In a piece for LabourList on Tuesday, Paul Richards offered some reasons for Ken Livingstone’s defeat in the 2008 Mayoral Election: “Most of all, he lost the support in outer London of white, hard-working families.” Paul cited other contributory factors as well, but it’s this assertion about where Ken lost votes in 2008 I want to consider.
Let’s deal with the obvious point first. To anyone familiar with London, this racialised contrast between inner and outer London is wholly inaccurate. Inner London is indeed by far the most ethnically diverse area in the UK, but much of outer London has levels of ethnic diversity which are unrivalled in most of the rest of the UK. 30% of working parents in those outer London boroughs are from BAME groups, compared to 5% in the rest of the UK.
“Hard-working families” is of course Labour code for skilled manual workers, the ‘C2′ social grade of market research jargon. Paul asserts that it was Ken’s loss of support among this group (or the white, child rearing part of this group) which had the biggest impact on the election result. But how does this compare with the actual voting patterns in 2004 and 2008? And how does Ken’s support compare to that of Labour, as evidenced in the simultaneous London Assembly elections?
The table below shows the correlation between ward level demographic characteristics and vote share for Ken and for Labour in 2004 and 2008, from the GLA’s excellent study. Where the correlation coefficient is positive, that means that the share of the vote tends to increase with the variable: vice versa for negative coefficients.
The correlation between white British ethnicity and voting for Ken was strongly negative in 2008, but it was also negative in 2004, and it was negative to roughly the same extent for Labour in both years. There is no evidence of a ‘Ken factor’ affecting his share of white British ethnic group votes more than Labour’s.
As for social grade, Paul’s story is pretty much the opposite of what happened in 2008. It is true that Ken did worse than Labour among ‘C2′ voters in both elections, but in 2008 the correlation with the C2 grade switched from very slightly negative to very slightly positive – in other words, nothing much changed. The significant changes were elsewhere. In 2004, Ken had done better among higher income groups and worse among lower income groups than Labour. In 2008 he did better among lower income demographics (D and E) than in 2004, and much worse among higher income demographics (AB and C1).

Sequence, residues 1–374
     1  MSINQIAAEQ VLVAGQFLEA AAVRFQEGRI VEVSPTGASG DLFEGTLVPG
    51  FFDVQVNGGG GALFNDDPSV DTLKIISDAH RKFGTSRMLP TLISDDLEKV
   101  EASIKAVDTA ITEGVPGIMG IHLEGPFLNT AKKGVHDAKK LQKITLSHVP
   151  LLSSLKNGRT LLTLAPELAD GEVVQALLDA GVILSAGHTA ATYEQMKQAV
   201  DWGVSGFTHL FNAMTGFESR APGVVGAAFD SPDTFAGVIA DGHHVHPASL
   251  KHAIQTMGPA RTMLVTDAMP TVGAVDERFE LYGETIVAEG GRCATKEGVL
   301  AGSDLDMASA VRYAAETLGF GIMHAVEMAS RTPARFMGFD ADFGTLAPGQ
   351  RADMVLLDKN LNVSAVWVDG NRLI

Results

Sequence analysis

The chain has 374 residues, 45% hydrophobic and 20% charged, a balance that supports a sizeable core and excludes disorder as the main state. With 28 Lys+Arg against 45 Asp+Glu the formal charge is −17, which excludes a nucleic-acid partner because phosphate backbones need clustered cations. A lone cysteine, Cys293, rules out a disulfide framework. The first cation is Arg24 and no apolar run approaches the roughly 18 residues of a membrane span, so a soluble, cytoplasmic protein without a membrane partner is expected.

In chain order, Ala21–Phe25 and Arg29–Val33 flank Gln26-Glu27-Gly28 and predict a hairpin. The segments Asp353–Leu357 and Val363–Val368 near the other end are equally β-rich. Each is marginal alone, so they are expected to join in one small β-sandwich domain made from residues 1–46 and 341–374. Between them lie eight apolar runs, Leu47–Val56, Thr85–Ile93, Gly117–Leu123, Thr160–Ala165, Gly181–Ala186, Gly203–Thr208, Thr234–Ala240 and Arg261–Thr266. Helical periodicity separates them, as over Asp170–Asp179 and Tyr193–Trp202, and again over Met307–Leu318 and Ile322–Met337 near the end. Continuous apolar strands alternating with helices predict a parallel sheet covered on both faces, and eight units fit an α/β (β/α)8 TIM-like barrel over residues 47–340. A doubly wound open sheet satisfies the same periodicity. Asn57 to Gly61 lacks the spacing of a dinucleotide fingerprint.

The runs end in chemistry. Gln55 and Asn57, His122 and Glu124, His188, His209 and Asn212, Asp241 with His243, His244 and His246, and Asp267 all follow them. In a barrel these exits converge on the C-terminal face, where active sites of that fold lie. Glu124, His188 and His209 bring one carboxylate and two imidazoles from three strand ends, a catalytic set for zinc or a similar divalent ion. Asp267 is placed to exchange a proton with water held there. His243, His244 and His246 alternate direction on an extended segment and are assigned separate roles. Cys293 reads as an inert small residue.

Do these data explain why Ken lost in 2008? Of course not. They just tell us something about how he lost, and what they tell us shows that Labour’s standard all-purpose explanation for poor performance – that it’s all to do with the ‘C2′s – doesn’t apply.
I don’t know how Ken did among ‘white hard-working families’, any more I suspect than Paul does, because as far as I’m aware that data hasn’t been produced. But, regardless, the question of how Labour’s mayoral candidate rebuilds support in outer London should not be framed in these terms. This is London, where ‘hard working families’, like all families, are far more likely to belong to ethnic minority groups than in other regions.
I have commented previously on Labour’s tendency to look at electoral defeat through the distorting prism of ‘C2′ votes taken in isolation. When applied to London Mayoral elections, this is even more deceptive, and more so again if assumptions about ethnicity are imported into the category of ‘hard-working families’.
Fortunately, both the current candidates for Labour’s mayoral nomination know their city far too well to be too influenced by off-the-peg accounts of why Ken lost in 2008.
 Author’s calculations, from figures in Spence L., Parents and Work in London (GLA 2006) Tables C16, C17